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High on the Hog

Jessica B. Harris

Winner of the IACP Award for Culinary History Acclaimed cookbook author Jessica B. Harris weaves an utterly engaging history of African American cuisine, taking the reader on a harrowing journey from Africa across the Atlantic to America, and tracking the trials that the people and the food have undergone along the way. From chitlins and ham hocks to fried chicken and vegan soul, Harris celebrates the delicious and restorative foods of the African American experience and details how each came to form an important part of African American culture, history, and identity. Although the story of African cuisine in America begins with slavery, High on the Hog ultimately chronicles a thrilling history of triumph and survival. The work of a masterful storyteller and an acclaimed scholar, Jessica B. Harris's High on the Hog fills an important gap in our culinary history.

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Vibration Cooking

Vertamae Smart-Grosvenor

Vibration Cooking was first published in 1970, not long after the term “soul food” gained common use. While critics were quick to categorize her as a proponent of soul food, Smart-Grosvenor wanted to keep the discussion of her cookbook/memoir focused on its message of food as a source of pride and validation of black womanhood and black “consciousness raising.” In 1959, at the age of nineteen, Smart-Grosvenor sailed to Europe, “where the bohemians lived and let live.” Among the cosmopolites of radical Paris, the Gullah girl from the South Carolina low country quickly realized that the most universal lingua franca is a well-cooked meal. As she recounts a cool cat’s nine lives as chanter, dancer, costume designer, and member of the Sun Ra Solar-Myth Arkestra, Smart-Grosvenor introduces us to a rich cast of characters. We meet Estella Smart, Vertamae’s grandmother and connoisseur of mountain oysters; Uncle Costen, who lived to be 112 and knew how to make Harriet Tubman Ragout; and Archie Shepp, responsible for Collard Greens à la Shepp, to name a few. She also tells us how poundcake got her a marriage proposal (she didn’t accept) and how she perfected omelettes in Paris, enchiladas in New Mexico, biscuits in Mississippi, and feijoida in Brazil. “When I cook, I never measure or weigh anything,” writes Smart-Grosvenor. “I cook by vibration.” This edition features a foreword by Psyche Williams-Forson placing the book in historical context and discussing Smart-Grosvenor’s approach to food and culture. A new preface by the author details how she came to write Vibration Cooking.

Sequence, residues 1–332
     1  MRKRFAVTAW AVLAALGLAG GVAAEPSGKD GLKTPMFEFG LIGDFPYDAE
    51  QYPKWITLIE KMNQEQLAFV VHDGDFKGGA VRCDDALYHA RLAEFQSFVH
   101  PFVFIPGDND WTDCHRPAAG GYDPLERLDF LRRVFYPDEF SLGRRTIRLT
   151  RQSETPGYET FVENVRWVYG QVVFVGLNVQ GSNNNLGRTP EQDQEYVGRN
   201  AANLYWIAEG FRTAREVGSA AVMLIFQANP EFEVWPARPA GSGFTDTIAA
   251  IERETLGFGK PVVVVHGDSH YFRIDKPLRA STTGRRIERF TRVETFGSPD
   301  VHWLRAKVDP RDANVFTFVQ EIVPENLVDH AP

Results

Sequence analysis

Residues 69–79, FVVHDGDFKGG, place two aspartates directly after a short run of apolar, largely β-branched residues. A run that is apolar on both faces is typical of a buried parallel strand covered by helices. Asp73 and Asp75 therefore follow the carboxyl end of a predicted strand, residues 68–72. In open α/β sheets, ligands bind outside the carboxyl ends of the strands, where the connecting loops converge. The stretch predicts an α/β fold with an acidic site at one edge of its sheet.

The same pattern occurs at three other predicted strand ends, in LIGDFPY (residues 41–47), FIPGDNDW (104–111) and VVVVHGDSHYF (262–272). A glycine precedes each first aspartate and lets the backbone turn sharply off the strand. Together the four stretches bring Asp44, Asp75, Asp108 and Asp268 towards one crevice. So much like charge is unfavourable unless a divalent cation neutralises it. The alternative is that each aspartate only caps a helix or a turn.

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The Rise

Marcus Samuelsson

This groundbreaking new cookbook from chef, bestselling author, and TV star Marcus Samuelsson celebrates contemporary Black cooking in 150 extraordinarily delicious recipes. It is long past time to recognize Black excellence in the culinary world the same way it has been celebrated in the worlds of music, sports, literature, film, and the arts. Black cooks and creators have led American culture forward with indelible contributions of artistry and ingenuity from the start, but Black authorship has been consistently erased from the story of American food. Now, in The Rise, chef, author, and television star Marcus Samuelsson gathers together an unforgettable feast of food, culture, and history to highlight the diverse deliciousness of Black cooking today. Driven by a desire to fight against bias, reclaim Black culinary traditions, and energize a new generation of cooks, Marcus shares his own journey alongside 150 recipes in honor of dozens of top chefs, writers, and activists—with stories exploring their creativity and influence. Black cooking has always been more than “soul food,” with flavors tracing to the African continent, to the Caribbean, all over the United States, and beyond. Featuring a mix of everyday food and celebration cooking, this book also includes an introduction to the pantry of the African diaspora, alongside recipes such as: Chilled corn and tomato soup in honor of chef Mashama Bailey Grilled short ribs with a piri-piri marinade and saffron tapioca pudding in homage to authors Michael Twitty and Jessica B. Harris Crab curry with yams and mustard greens for Nyesha Arrington Spiced catfish with pumpkin leche de tigre to celebrate Edouardo Jordan Island jollof rice with a shout-out to Eric Adjepong Steak frites with plantain chips and green vinaigrette in tribute to Eric Gestel Tigernut custard tart with cinnamon poached pears in praise of Toni Tipton-Martin A stunning work of breadth and beauty, The Rise is more than a cookbook. It’s the celebration of a movement.